University of South Carolina Columbia - Garnet and Black Yearbook (Columbia, SC)

 - Class of 1958

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University of South Carolina Columbia - Garnet and Black Yearbook (Columbia, SC) online yearbook collection, 1958 Edition, Cover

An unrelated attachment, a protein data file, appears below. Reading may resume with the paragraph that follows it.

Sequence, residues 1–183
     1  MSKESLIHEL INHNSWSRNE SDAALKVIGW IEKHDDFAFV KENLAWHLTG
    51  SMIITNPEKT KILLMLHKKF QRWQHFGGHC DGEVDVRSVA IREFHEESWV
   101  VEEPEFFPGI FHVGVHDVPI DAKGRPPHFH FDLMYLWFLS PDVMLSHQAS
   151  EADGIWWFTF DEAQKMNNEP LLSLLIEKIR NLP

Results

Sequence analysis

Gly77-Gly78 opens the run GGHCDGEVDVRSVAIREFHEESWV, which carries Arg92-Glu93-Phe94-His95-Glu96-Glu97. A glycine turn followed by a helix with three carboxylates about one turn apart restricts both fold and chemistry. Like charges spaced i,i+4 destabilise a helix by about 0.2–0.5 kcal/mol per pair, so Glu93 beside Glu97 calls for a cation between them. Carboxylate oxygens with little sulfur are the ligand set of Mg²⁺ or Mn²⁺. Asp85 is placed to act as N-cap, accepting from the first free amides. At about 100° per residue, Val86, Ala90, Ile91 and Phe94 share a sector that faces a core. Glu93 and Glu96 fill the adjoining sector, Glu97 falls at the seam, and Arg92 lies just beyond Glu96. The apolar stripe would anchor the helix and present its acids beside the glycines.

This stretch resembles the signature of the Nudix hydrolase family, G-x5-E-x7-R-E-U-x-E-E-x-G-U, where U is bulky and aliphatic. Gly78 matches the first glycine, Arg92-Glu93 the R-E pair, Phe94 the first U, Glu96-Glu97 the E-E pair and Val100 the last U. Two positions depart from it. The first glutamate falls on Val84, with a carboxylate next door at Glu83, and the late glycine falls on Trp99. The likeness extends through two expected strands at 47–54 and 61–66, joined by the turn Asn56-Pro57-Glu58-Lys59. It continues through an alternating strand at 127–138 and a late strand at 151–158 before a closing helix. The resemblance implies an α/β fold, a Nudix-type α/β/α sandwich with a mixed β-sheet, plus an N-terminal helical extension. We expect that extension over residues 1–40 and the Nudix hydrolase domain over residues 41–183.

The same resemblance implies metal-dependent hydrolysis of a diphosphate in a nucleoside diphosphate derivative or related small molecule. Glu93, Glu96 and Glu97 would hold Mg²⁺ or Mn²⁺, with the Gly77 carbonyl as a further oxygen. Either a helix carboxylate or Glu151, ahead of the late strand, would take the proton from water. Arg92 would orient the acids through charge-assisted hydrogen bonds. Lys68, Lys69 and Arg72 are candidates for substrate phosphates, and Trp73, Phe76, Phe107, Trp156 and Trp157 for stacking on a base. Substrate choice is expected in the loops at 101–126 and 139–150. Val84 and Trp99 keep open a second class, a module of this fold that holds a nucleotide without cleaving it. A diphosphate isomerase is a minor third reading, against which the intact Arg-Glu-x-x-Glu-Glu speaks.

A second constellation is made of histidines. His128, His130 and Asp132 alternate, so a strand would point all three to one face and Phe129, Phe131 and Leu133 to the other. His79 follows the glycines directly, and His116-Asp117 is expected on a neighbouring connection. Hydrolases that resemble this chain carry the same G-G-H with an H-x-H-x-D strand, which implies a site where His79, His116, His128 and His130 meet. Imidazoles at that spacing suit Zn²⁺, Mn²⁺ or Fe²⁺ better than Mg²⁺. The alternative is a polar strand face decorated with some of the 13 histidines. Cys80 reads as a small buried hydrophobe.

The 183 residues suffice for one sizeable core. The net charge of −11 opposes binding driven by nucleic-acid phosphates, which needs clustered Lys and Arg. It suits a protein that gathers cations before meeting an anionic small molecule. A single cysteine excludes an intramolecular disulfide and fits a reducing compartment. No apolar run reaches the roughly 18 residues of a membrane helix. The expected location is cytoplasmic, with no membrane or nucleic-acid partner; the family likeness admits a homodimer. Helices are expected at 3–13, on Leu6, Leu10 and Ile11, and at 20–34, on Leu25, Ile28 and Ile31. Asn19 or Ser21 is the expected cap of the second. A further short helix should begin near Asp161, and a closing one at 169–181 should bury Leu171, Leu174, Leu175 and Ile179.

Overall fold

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Text from Pages 1 - 416 of the 1958 volume: